Getty-Rothschild Fellowship and Inaugural Fellow Announced
The selected fellow will split their time between both institutions.
The Getty in conjunction with the Rothschild Foundation have announced the birth of a new fellowship to support innovative scholarship in the history of art, collecting, and conservation as well as its inaugural fellow, Dr. David Saunders.
The Getty-Rothschild Fellowship will draw from the collection and resources of both institutions and will offer art historians, conservators, and museum professionals the chance to to research at both the Getty in Los Angeles and Waddesdon Manor in England.
Fellowships will run for up to eight months with time split evenly between the Getty and Waddesdon, so the criteria for selection considers whether the applicant’s work would benefit from proximity to either of the two institutions.
Perks of the fellowship include a stipend as well as the opportunity to stay at the magnificent Flint House while at Waddesdon.
“The Getty and the Rothschild Foundation hold similar values regarding the understanding and conservation of visual art around the world, and it is only appropriate that we would work together to support individuals who demonstrate these values through their research,” Jim Cuno, president and CEO of the J. Paul Getty Trust commented in a press release.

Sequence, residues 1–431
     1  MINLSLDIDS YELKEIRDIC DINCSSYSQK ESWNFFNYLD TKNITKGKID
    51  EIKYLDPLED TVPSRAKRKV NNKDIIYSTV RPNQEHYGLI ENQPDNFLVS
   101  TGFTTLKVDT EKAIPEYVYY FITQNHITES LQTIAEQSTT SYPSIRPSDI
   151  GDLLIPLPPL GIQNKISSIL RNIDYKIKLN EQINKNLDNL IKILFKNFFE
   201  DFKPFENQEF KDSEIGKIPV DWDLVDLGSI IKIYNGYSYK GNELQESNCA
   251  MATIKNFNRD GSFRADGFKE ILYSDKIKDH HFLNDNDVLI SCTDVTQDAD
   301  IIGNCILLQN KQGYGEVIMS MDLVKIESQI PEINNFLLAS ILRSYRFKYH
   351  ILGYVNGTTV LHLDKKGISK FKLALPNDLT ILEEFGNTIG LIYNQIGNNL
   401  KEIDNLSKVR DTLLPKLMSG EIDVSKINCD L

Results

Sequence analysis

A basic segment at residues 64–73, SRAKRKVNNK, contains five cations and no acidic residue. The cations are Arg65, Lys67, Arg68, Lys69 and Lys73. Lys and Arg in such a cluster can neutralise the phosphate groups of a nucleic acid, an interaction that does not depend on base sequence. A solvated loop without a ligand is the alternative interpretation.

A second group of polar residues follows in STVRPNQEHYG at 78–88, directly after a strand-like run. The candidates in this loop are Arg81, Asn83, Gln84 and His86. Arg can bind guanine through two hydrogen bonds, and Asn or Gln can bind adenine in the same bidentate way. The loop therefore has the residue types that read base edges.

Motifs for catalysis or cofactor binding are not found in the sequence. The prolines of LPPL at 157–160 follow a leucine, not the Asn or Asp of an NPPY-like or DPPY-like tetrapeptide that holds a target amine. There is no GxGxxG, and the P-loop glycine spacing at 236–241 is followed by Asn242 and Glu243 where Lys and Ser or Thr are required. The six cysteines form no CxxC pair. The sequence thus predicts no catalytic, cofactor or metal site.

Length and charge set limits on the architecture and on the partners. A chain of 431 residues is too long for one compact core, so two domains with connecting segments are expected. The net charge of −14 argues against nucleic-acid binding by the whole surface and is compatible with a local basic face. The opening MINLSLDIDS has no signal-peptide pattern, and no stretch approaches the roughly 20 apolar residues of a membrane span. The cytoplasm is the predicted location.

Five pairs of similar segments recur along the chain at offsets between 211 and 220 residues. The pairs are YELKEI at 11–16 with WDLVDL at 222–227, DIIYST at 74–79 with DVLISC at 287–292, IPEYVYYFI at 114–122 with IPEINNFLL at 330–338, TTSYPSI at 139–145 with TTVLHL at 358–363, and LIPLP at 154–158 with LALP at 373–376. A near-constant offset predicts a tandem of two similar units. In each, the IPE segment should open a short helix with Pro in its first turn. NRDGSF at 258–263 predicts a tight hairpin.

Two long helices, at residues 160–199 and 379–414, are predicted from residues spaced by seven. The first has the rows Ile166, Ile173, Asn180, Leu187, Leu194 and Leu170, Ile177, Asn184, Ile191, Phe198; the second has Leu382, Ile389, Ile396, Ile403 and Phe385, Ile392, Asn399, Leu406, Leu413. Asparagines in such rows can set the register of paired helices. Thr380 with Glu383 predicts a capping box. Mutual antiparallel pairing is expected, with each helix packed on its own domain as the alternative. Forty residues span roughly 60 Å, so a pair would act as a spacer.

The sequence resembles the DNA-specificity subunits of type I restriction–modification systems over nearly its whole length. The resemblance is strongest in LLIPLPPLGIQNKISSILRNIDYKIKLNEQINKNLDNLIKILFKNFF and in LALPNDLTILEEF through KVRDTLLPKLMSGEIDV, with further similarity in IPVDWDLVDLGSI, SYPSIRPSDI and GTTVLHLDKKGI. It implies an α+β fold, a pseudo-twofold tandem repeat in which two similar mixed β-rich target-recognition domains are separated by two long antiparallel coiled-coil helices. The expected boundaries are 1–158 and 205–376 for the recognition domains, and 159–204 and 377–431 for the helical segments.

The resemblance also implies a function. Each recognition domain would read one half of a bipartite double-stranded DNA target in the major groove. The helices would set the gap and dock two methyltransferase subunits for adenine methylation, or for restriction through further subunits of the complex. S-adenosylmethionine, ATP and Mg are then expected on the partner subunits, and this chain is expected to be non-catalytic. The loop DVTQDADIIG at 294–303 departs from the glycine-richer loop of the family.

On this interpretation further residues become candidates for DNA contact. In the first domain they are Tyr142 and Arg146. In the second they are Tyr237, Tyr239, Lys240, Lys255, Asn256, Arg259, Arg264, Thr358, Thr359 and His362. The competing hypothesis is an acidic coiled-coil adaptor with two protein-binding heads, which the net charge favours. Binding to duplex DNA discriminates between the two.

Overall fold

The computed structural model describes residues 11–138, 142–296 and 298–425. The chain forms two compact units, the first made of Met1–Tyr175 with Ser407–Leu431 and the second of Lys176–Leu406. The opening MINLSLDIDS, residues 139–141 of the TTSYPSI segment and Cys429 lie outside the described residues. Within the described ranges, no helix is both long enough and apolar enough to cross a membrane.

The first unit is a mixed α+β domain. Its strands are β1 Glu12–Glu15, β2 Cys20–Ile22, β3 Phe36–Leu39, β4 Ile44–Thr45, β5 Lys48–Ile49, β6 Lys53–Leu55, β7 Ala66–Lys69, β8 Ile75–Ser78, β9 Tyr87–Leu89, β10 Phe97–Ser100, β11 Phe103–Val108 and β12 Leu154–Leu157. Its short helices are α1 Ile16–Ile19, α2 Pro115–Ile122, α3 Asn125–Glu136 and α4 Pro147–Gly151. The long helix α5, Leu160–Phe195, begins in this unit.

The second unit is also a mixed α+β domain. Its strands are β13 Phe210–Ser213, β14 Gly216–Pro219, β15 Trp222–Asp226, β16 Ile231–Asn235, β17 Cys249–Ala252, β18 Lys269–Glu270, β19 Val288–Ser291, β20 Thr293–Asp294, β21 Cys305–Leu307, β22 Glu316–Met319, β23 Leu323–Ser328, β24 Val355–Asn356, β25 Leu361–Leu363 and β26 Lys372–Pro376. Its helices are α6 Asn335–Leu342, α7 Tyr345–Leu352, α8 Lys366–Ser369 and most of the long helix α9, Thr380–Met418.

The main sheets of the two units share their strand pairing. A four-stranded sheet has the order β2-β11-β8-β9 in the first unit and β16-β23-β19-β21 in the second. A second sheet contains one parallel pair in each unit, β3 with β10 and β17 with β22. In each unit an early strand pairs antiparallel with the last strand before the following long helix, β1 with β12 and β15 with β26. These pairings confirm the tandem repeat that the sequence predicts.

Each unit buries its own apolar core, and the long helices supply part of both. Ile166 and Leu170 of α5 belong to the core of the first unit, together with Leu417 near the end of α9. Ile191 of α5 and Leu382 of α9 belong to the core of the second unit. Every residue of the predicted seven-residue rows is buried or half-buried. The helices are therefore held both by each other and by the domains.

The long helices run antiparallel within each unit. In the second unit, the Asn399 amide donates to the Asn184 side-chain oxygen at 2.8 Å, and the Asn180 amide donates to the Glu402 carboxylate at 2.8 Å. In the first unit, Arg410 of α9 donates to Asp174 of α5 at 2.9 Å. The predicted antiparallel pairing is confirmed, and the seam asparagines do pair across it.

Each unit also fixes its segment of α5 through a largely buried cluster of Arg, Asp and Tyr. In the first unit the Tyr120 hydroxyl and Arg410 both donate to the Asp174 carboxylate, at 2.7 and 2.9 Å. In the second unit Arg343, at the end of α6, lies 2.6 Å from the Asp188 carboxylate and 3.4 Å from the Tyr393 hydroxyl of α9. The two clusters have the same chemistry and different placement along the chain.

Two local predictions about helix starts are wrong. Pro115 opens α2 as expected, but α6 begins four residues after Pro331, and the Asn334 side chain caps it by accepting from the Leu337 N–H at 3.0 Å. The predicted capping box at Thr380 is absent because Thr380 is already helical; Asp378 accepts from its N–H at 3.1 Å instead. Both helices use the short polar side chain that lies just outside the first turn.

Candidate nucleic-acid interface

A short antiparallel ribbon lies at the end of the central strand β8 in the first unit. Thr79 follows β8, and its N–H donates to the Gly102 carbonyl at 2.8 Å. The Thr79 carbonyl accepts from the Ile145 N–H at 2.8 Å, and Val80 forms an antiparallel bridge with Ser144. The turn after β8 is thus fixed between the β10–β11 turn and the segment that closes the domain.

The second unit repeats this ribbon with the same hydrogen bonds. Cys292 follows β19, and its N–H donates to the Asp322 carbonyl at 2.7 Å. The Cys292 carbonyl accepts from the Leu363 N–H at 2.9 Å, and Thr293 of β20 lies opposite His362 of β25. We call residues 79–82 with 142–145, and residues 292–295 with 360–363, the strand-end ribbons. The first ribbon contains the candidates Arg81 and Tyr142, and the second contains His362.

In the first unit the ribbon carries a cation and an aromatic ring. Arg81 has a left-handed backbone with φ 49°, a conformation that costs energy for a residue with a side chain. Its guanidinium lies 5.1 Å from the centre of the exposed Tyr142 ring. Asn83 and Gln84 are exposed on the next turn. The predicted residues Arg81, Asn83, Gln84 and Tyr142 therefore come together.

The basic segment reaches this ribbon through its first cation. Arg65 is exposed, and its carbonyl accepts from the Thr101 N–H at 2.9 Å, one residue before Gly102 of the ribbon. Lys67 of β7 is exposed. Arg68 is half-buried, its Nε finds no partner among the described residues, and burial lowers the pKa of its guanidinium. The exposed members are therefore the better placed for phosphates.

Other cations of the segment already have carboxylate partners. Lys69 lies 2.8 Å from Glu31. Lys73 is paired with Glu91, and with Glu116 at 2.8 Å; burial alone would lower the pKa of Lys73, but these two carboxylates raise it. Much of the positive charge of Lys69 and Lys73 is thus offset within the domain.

The Getty, which is administering the fellowship, has also named the inaugural fellow Dr. Saunders, a leading conservation science specialist whose research focuses on museum and gallery lighting.
Formerly the principal scientist at The National Gallery and keeper of conservation, documentation, and research at the British Museum, Saunders is currently working on a book about museum and gallery lighting as an independent researcher, using Waddesdon Manor as a case study.
Lord Rothschild, chair of the Rothschild Foundation has said: “The Rothschild Foundation and Waddesdon Manor are delighted to be collaborating with the Getty on this Fellowship, which will nurture high-level scholarship on subjects which are close to the hearts of both institutions, whether in the fields of art and art history, collecting, conservation or the application of new technologies to the museum and heritage worlds.”
“I am particularly pleased that our first Fellow will be David Saunders, whose work is of the greatest possible relevance to Waddesdon, as a historic house seeking to present itself in innovative ways,” he added.
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